In the 2004 movie version of the musical version of "The Producers," Matthew Broderick and Nathan Lane reprise their Broadway roles of Leo Bloom and Max Bialystock, while Ferrell joins the fun as wacky Nazi playwright Franz Liebkind. Franz tells the boys, "I had nothing to do with the war! I didn't even know there was a war on. We lived in the back, right across from Switzerland. All we heard was yodelling... yoodle le he hoo." (Universal Pictures) Back to slideshow navigation
  14. Funeral crasher

    In Vince Vaughn and Owen Wilson's 2004 film "Wedding Crashers," Farrell plays Chaz, a man who manages to top Wilson and Vaughn's method of finding single women at weddings, by crashing funerals. "Grief is nature's most powerful aphrodisiac," he tells Wilson. (New Line Cinema) Back to slideshow navigation
  15. Time to twitch your nose, Sam

    Ferrell starred as Darrin Stephens with Nicole Kidman as his witch wife, Samantha, in the 2005 remake of the TV hit "Bewitched." (Columbia Pictures) Back to slideshow navigation
  16. You stay classy, San Diego

    In 2004's "Anchorman," Ferrell stars as Ron Burgundy, the top-rated anchorman in San Diego in the '70s. When feminism marches into the newsroom in the form of ambitious newswoman Veronica Corningstone (Christina Applegate) it's more than a battle between two perfectly coiffed anchor-persons ... it's war. (Dreamworks Pictures) Back to slideshow navigation
  17. Show me your belly button

    Owen Wilson and Ben Stiller starred in the 2004 big-screen version of "Starsky & Hutch," but Ferrell managed to steal the show as Big Earl, a convict who's attracted to Hutch. When Big Earl convinces Hutch to show him his belly button, he marvels, saying, "It's like a little bowl of oatmeal with a hole in it. I got one too. I just got a little more brown sugar on mine." (Warner Bros.) Back to slideshow navigation
  18. Santa's helper

    Ferrell stars as Buddy, a full-grown man who was taken in by Santa's elves in 2003's "Elf." When he's sent off to have a normal life in the big city, he's astounded by the differences between the real world and Santa's village. When he sees a department store Santa, he tells him, "You sit on a throne of lies." (New Line Cinema) Back to slideshow navigation
  19. Frank the Tank

    Ferrell stars as one of three former college buddies (the others are Luke Wilson and Vince Vaughn), now in their 30s, who start their own fraternity in 2003's "Old School." During a house party, a fellow partier asks him what he's going to do the next day, to which Ferrell replies: "Well, um, actually a pretty nice little Saturday, we're going to go to Home Depot. Yeah, buy some wallpaper, maybe get some flooring, stuff like that. Maybe Bed, Bath, & Beyond." (Dreamworks Pictures) Back to slideshow navigation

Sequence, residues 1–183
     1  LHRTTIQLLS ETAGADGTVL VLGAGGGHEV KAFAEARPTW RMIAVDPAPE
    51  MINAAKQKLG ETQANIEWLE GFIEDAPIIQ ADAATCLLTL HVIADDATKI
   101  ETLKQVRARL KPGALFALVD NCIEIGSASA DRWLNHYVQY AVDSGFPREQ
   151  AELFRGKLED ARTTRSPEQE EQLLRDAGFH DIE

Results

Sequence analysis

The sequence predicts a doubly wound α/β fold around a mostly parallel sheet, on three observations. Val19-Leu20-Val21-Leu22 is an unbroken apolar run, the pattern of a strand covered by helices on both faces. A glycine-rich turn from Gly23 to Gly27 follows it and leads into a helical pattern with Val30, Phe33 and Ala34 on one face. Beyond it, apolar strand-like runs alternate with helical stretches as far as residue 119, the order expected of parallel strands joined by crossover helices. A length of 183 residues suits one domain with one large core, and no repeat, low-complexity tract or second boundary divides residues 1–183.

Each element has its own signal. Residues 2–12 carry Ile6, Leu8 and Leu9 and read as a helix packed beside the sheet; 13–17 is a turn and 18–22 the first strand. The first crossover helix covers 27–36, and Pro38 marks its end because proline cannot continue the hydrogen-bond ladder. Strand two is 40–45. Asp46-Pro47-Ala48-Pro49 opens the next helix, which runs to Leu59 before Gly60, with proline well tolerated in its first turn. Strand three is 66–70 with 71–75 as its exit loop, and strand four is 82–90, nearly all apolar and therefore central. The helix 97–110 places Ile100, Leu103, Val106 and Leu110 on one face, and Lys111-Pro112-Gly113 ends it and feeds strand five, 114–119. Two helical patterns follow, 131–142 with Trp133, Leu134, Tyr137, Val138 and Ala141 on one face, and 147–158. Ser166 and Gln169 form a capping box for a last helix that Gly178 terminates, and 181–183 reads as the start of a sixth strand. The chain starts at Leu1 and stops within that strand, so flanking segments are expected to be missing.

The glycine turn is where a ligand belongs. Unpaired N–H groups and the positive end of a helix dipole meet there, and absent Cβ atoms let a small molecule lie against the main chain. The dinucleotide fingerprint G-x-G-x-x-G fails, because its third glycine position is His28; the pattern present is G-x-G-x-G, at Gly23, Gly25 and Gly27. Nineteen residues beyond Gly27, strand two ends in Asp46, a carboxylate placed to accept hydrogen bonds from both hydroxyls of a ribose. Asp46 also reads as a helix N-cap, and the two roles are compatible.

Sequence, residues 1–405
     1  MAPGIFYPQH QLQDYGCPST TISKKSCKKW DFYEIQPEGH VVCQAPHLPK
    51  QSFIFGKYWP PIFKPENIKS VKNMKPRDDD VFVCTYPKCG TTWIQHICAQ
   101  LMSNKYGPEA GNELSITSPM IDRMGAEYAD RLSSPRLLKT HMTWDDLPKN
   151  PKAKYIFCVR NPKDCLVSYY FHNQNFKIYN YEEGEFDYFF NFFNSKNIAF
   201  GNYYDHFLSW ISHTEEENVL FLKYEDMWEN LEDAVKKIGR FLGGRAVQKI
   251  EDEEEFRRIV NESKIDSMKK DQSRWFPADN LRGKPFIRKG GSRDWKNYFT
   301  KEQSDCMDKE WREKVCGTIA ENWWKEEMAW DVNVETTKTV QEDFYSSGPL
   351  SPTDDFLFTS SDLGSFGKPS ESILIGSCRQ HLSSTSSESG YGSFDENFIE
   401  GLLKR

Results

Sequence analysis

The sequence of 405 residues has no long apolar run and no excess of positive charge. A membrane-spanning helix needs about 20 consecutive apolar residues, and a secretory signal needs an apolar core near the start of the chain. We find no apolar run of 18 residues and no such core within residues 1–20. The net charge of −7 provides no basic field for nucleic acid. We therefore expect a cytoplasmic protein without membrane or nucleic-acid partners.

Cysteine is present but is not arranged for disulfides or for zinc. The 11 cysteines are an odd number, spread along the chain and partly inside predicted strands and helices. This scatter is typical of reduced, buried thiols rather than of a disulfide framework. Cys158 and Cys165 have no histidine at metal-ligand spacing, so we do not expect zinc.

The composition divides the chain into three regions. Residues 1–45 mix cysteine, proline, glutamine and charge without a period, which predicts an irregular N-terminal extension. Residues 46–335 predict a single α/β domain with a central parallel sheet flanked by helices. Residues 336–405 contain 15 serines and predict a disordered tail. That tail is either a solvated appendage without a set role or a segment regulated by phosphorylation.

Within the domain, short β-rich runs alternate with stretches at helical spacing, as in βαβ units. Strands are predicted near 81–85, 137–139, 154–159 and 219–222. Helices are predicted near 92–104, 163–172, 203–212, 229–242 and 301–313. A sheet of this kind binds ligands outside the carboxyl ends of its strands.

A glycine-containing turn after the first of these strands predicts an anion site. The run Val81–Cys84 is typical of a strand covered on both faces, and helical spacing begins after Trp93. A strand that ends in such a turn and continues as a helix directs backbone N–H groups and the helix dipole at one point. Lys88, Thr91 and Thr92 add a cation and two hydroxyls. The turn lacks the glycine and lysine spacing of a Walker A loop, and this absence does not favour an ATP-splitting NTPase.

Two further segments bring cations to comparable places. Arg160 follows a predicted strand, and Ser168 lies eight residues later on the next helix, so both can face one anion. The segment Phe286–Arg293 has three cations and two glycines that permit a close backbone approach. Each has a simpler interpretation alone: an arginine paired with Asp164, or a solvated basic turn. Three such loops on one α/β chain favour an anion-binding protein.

20. 'What is your favorite sound?'

    Ferrell as effusive host James Lipton of "Inside The Actors' Studio" with guest Billy Bob Thornton as himself on "SNL." The real James Lipton was so taken with Ferrell's impression that he had Ferrell (as Lipton) interview him on his own show. (NBC) Back to slideshow navigation
  21. It's about 'strategery'

    Ferrell took on President George W. Bush with a searing impression on "SNL" that emphasized the president's tendency toward malapropisms. (NBC) Back to slideshow navigation
  22. Fashion plate

    In 2000's "Zoolander" Ferrell plays Mogatu, a fashion designer who creates the Derelicte line. He explains his line this way, "It is a fashion, a way of life inspired by the very homeless, the vagrants, the crack whores that make this wonderful city so unique." (Paramount) Back to slideshow navigation
  23. More cowbell!

    This "Saturday Night Live" skit is a "rare tape" of Blue Oyster Cult recording their classic "Don't Fear the Reaper" with an added dose of cowbell. Band members are played by Chris Kattan, Jimmy Fallon and Chris Parnell, while Ferrell plays the enthusiastic cowbell expert. (NBC) Back to slideshow navigation
  24. What is love?

    Ferrell and Chris Kattan starred in 1998's "Night at the Roxbury," a film based on the "Saturday Night Live" skit about two annoying brothers who constantly bob their heads in unison to the Haddaway song, "What Is Love?" Roger Ebert wrote of the film, "It is incompetent, stupid, and horrible beyond belief." (Paramount Pictures) Back to slideshow navigation
  25. Not quite ready for prime time

    Ferrell and Ana Gasteyer played quirky singers and music teachers Marty Culp and Bobbi Mohan-Culp in a recurring skit on "Saturday Night Live." (NBC) Back to slideshow navigation